LOCAL ECONOMIC DEVELOPMENT STRATEGY

Report
PRESENTATION TO THE
NCOP LOCAL GOVERNMENT WEEK
BY
SISONKE DISTRICT MUNICIPALITY
31 July – 3 August 2012
SISONKE DISTRICT MUNICIPALITY
THE GLOBAL CONTEXT
THE ENVELOP WITHIN WHCH WE HAVE
TO RESPOND
Prospects for global growth are being seriously
compromised by the sovereign, banking and
liquidity crises affecting the Eurozone.
The global crisis
Investors have been moving to assets perceived to be
safer, especially US treasuries and German bonds, despite
the miniscule returns.
If effective steps towards a lasting solution are not taken
swiftly, a catastrophic chain of events could be set off by
one or more of the states in crisis, possibly Greece, in the
not too distant future.
The consequential economic costs could be enormous and
widespread.
The global challenge
Serious structural adjustments are absolutely necessary, so
as to enhance the competitiveness of these economies and
restore their financial stability.
However, protracted economic contraction, followed by
stagnation, is likely to result in escalating social unrest.
Growth stimulation is thus essential to take the weaker
states out of crisis mode.
Vulnerability of the global
economy
The vulnerability of the global economy to external
shocks is being increasingly exposed and global growth
rate is becoming rather anaemic.
China, in turn, is again implementing growth stimulating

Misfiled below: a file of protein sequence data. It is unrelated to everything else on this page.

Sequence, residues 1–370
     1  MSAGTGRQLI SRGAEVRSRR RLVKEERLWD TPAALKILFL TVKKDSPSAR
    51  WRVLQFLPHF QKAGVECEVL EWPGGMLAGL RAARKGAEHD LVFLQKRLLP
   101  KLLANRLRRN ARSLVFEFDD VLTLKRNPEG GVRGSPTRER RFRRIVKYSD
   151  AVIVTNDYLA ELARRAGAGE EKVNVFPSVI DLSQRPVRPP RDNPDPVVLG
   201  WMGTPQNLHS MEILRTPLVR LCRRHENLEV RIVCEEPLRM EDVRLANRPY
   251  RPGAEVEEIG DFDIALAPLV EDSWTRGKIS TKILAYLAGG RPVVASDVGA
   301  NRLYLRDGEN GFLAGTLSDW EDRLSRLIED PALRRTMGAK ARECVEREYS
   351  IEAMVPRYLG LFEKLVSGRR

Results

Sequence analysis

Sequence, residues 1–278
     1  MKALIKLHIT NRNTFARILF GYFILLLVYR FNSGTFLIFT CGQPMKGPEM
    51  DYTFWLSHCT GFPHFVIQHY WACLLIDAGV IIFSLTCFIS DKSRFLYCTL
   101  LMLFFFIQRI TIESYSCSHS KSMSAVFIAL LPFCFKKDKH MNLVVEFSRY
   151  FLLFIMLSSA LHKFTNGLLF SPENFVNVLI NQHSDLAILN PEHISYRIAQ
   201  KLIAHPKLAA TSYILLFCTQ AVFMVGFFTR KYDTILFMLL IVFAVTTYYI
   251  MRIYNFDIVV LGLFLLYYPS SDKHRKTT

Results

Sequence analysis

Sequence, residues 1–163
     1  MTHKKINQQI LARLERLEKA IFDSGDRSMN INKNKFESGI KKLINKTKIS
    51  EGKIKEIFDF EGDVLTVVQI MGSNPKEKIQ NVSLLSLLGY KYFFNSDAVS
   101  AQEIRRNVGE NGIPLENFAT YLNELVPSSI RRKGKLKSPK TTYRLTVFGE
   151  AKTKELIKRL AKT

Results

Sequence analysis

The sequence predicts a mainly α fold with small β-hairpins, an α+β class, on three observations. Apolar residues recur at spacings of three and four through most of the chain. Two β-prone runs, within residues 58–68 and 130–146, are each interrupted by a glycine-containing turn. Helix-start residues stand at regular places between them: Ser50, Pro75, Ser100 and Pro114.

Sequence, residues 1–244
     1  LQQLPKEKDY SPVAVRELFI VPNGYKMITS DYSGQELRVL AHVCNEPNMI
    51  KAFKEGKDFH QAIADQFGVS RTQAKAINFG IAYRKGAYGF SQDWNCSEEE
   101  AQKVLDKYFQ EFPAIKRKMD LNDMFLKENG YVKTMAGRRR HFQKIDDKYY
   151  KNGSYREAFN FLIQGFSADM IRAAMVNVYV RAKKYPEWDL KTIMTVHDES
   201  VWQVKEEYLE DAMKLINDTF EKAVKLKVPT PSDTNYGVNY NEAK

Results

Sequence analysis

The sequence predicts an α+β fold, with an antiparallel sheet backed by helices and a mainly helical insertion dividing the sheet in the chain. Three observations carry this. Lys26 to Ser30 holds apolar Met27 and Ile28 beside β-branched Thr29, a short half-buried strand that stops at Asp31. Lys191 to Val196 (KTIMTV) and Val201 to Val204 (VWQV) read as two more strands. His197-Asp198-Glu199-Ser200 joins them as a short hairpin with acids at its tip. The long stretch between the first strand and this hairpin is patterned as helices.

measures in order to counter the possibility of a worse
than anticipated slowdown.
Weak international demand as well as
insufficient local consumption
Weak international demand as well as insufficient local
consumption, are compromising country’s ability to continue
posting the growth rates required to maintain socio-political
stability.
Countries are using monetary policy to ease global economic
challenges and infrastructure spending again accelerated.
However, the long-term recipe lies in a better balance between
investment activity and household spending, as well as
between external and domestic demand.
South Africa’s very open economy makes it
particularly vulnerable to external shocks.
The sluggish recovery in parts of the advanced world and
stagnation or recessionary conditions in others, are among
the strongest inhibitors of economic activity at home.
Europe accounted for approximately 26% of South
Africa’s merchandise exports in 2011 and weakening
demand in this regional market does not bode well for
export-oriented sectors, particularly manufacturing.
Critical as it is to reduce unemployment levels,
particularly amongst South Africa’s youth, it has
proven extremely difficult to reverse the large job
losses incurred since the onset of the crisis.